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Bank Buildings Conservation Gets Planning Approval

UAH welcomes and supports Belfast City Council’s decision to grant approval for listed building consent for the conservation-led works to Bank Buildings, Belfast.

Posted on: 26th October 2018

This morning at a special sitting of the Belfast City Council Planning Committee plans have been approved for the recording and careful dismantling of the top floor and chimneys of the building down to the level of the fourth floor cornice, for safe storage and the installation of a shoring system. It has also been announced that Primark will stay on the adjacent Castle Street site. This will have the beneficial effect of retaining retail footfall at this heritage city core until conservation and restoration works to the listed building are complete.

UAH is pleased to see letters of support for this important proposal from the Royal Society of Ulster Architects, Belfast Chamber of Commerce, the Society for Protection of Ancient Buildings (Ireland), Belfast Civic Trust, Northern Ireland Environmental Link, and members of the public. Credit must be given to the owners of the building, Primark, together with Belfast City Council and the Historic Environment Division of the Department for Communities for the development and progression of this approval.

Bank Buildings is the anchor building in one of Belfast’s heritage ‘nodes’ which is characterised by some of our best surviving heritage stock. The building itself is a lynchpin in the city’s identity and its offer both for NI residents and tourism. Its retention assures the continuation of a signature historic identity as a place where people would want to live, visit and invest.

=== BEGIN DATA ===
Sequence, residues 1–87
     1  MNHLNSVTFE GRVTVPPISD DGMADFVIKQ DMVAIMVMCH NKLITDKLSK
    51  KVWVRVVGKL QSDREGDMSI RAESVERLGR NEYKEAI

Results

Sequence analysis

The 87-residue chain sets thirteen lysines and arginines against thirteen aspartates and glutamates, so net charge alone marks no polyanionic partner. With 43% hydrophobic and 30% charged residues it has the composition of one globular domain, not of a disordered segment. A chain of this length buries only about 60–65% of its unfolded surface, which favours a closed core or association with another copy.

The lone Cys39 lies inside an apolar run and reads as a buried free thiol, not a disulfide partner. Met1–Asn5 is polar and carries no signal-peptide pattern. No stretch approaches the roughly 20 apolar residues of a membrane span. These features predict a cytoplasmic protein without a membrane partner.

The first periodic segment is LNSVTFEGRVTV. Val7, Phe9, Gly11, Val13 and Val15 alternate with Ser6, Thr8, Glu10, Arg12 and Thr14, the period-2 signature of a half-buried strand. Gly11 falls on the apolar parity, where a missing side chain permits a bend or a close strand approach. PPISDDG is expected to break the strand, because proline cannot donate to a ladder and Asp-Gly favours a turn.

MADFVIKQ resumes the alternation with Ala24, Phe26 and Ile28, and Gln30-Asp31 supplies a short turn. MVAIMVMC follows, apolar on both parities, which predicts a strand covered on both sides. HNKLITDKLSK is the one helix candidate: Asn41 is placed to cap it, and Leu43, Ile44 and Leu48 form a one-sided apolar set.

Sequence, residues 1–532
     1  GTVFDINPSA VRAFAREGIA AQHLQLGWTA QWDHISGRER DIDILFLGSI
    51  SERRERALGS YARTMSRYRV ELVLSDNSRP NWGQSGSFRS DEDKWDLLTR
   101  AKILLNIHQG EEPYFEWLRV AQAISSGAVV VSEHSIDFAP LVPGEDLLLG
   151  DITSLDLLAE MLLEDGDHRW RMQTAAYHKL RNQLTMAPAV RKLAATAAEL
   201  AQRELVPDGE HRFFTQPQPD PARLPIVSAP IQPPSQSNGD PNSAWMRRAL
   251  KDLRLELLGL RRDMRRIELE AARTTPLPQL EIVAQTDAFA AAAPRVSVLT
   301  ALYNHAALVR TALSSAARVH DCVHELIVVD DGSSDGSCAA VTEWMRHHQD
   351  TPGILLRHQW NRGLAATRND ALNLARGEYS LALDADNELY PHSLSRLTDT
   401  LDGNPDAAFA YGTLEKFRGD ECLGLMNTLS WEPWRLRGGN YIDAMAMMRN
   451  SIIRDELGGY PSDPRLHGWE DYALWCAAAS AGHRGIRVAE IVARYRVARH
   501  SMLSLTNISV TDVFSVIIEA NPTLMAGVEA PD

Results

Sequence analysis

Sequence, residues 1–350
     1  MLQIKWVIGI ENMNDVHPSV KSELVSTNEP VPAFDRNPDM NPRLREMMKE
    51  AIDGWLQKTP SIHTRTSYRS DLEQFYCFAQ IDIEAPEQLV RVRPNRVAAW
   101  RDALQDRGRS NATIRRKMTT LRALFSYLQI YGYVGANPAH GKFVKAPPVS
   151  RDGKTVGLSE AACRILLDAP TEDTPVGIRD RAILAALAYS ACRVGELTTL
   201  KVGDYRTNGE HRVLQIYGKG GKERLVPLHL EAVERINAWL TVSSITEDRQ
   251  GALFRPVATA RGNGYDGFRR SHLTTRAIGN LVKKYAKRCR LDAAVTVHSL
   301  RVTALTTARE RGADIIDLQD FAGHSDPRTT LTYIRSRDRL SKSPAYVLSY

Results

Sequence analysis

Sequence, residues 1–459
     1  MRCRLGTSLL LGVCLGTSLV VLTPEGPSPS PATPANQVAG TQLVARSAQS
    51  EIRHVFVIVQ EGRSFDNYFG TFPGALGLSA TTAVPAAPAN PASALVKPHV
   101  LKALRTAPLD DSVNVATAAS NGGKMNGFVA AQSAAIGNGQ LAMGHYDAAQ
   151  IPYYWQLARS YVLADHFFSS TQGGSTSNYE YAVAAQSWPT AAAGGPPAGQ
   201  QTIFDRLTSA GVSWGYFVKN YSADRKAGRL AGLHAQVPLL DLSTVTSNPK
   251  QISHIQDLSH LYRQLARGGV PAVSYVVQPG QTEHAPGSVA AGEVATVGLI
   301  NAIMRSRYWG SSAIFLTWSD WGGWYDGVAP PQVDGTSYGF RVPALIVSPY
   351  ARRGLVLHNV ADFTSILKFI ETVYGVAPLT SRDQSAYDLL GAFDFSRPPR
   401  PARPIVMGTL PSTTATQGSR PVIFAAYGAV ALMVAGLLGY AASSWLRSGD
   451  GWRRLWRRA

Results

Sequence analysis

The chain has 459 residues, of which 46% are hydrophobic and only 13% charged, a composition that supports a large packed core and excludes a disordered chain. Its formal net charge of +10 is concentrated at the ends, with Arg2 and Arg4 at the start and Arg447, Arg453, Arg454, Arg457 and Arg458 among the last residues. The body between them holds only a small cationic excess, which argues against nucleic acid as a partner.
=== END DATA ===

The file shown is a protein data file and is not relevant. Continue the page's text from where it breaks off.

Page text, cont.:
Since the Bank buildings fire, UAH has supported and encouraged the evolution of a heritage led plan. We believe that this represents the best solution to allowing the reduction of the cordon, reintroduction of pedestrian access and retail footfall, together with the preservation of the integrity of the city’s valuable built heritage. This mirrors the course of action followed by Glasgow City Council and the Mackintosh School of Art in appreciating the long term value of the City’s signature Historic Buildings as a sustainable economic driver for the future.

Now that approval has been granted, we look forward to seeing the works progress in a timely and controlled manner over the coming weeks. It is hoped that a phase 2 plan for the reinstatement of the upper levels and full reuse and restoration of the remaining historic fabric will follow once the interim shoring and reduction of cordon has been achieved.

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